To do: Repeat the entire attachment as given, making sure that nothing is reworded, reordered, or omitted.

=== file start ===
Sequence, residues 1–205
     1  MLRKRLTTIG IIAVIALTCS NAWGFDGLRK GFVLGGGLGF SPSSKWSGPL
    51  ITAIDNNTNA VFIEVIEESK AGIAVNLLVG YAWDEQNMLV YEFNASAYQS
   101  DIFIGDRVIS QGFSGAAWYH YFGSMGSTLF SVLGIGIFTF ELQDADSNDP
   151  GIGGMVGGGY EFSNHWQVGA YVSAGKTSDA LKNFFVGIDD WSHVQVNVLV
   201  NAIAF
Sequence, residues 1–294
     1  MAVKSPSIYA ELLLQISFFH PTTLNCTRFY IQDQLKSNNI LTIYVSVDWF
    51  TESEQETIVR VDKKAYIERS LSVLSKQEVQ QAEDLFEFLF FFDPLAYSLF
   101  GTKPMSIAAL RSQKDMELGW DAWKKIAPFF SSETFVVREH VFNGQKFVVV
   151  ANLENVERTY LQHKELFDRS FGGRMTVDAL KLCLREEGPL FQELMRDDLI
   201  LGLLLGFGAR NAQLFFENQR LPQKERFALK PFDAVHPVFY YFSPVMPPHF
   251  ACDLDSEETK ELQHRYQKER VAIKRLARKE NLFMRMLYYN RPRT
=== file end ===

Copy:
Sequence, residues 1–205
     1  MLRKRLTTIG IIAVIALTCS NAWGFDGLRK GFVLGGGLGF SPSSKWSGPL
    51  ITAIDNNTNA VFIEVIEESK AGIAVNLLVG YAWDEQNMLV YEFNASAYQS
   101  DIFIGDRVIS QGFSGAAWYH YFGSMGSTLF SVLGIGIFTF ELQDADSNDP
   151  GIGGMVGGGY EFSNHWQVGA YVSAGKTSDA LKNFFVGIDD WSHVQVNVLV
   201  NAIAF
Sequence, residues 1–294
     1  MAVKSPSIYA ELLLQISFFH PTTLNCTRFY IQDQLKSNNI LTIYVSVDWF
    51  TESEQETIVR VDKKAYIERS LSVLSKQEVQ QAEDLFEFLF FFDPLAYSLF
   101  GTKPMSIAAL RSQKDMELGW DAWKKIAPFF SSETFVVREH VFNGQKFVVV
   151  ANLENVERTY LQHKELFDRS FGGRMTVDAL KLCLREEGPL FQELMRDDLI
   201  LGLLLGFGAR NAQLFFENQR LPQKERFALK PFDAVHPVFY YFSPVMPPHF
   251  ACDLDSEETK ELQHRYQKER VAIKRLARKE NLFMRMLYYN RPRT